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Live your life as though every act were to become a Universal Law (Immanuel Kant 1985)

30th April 2020

This week on 8th May, Britain will be remembering VE (Victory in Europe Day). It was the day 75 years ago, on which allied forces announced the surrender of Germany in Europe and sparked celebrations around the world. Word of Hitler’s surrender came the day before, which was why my mother headed on that day to Trafalgar Square in London to join the excited crowds. It also happened to be her 21st birthday! However, while crowds celebrated the end of the war in Europe, it was still raging in the Far East and my father was still in Burma and that war would not be over until 15th August.

Of course things didn’t simply go back to the way they had been in pre-war days after VE day. Times were still tough and food rationing continued until 1954. In addition people had expectations that the world could and should aim to be a better place and that lessons from history must be learned.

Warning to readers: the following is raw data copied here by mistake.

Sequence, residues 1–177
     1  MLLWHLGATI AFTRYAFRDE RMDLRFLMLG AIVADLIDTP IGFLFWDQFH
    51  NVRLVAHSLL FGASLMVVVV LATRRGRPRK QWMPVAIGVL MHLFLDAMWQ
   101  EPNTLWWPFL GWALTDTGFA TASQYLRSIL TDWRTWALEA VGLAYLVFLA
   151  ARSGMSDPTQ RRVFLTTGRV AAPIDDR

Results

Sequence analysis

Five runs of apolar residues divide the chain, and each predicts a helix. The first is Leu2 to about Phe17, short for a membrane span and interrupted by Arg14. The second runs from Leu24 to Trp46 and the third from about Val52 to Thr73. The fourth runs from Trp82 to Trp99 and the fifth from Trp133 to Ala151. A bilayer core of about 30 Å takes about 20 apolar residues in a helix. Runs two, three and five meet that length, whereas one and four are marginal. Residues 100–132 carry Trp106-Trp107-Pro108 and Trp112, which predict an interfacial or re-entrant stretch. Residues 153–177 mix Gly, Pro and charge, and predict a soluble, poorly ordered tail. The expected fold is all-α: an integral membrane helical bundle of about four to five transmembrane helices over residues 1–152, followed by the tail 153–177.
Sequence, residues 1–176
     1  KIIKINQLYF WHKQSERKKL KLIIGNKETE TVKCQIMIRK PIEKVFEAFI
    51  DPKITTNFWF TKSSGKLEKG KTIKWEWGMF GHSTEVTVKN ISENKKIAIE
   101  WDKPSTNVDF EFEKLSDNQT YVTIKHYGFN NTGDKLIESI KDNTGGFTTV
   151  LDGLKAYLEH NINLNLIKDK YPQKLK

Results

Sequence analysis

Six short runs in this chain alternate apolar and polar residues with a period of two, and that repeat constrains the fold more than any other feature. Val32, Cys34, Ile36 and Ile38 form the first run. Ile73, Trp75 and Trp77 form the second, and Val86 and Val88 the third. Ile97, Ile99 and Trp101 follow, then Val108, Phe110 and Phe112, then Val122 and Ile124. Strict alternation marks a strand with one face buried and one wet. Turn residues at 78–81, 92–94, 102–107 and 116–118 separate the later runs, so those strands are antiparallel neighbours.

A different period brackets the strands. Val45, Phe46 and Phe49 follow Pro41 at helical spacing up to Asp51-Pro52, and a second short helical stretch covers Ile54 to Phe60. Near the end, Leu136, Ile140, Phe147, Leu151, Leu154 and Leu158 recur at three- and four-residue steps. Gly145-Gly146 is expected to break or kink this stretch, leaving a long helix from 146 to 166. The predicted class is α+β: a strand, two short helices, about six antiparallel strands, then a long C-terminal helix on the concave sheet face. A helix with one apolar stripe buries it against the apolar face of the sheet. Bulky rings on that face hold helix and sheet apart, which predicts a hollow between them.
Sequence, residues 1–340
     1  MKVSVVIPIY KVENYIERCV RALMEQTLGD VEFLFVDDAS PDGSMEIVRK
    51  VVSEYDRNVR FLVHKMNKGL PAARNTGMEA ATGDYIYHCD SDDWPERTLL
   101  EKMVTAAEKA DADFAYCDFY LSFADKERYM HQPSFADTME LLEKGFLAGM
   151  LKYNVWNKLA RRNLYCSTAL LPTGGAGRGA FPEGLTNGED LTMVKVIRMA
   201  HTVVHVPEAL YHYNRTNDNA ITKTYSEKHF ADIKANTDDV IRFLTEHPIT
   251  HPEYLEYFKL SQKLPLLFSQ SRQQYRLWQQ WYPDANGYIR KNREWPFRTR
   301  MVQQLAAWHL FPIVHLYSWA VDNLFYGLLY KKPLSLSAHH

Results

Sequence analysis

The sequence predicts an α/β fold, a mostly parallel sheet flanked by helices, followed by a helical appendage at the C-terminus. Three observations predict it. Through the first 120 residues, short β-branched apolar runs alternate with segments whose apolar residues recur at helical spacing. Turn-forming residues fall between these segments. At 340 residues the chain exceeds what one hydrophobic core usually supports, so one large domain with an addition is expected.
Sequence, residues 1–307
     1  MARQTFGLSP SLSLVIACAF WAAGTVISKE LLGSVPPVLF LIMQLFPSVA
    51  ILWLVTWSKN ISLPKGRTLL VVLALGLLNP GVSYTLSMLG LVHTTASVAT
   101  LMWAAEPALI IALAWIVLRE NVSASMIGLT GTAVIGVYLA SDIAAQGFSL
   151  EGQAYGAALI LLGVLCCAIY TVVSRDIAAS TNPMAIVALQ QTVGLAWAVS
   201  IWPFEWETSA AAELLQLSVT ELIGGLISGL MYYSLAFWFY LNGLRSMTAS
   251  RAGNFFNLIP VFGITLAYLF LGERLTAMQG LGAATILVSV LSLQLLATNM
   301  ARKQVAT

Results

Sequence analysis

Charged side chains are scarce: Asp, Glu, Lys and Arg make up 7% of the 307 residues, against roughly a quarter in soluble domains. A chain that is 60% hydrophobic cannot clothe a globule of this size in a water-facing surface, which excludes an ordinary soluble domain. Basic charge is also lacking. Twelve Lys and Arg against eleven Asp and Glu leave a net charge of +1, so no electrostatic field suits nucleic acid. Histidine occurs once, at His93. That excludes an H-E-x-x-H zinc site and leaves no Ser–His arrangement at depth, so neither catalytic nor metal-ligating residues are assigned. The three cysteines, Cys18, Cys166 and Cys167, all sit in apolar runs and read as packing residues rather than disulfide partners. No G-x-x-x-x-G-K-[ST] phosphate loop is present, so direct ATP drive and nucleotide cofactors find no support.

Probably one of the greatest post-war achievements was the foundation of the United Nations, and on 10th December 1948 it published The Universal Declaration of Human Rights ( This outlines the fundamental rights that it is believed all humans deserve to be granted. They are regarded as universals, in other words, they are for all people, in all times and all places without prejudice. Such a belief in universals was fundamental to the ethical thinking of the philosopher Immanuel Kant. In order to know what is universally right, we must ask of any rule, is this one which we would want to apply to all people and would it produce the sort of world in which everyone was treated with dignity and respect?

And so the United Nations Declaration of Human Rights provides a set of standards by which the acts of individuals, communities and whole nations might be measured and judged by each other. It was quite a feat and unfortunately it does not mean that everyone abides by the standards set, but there is an agreement that standards exist and we must be accountable if we fail to meet them.

This week all the intended public celebrations for VE day have been cancelled but people are being encouraged to take part in a toast to the ‘Heroes of WW2’ at 3.00pm on 8th May. There will also be commemorations on television and online.

In many ways it could be considered ironic that we will be remembering the liberation from the restrictions and lockdown imposed by war, in our current place of lockdown which is for a very different reason. However, just as people post-war conceived of a better future, perhaps we too can begin to conceive and hope for a better post-coronovirus world.

Mrs Crossley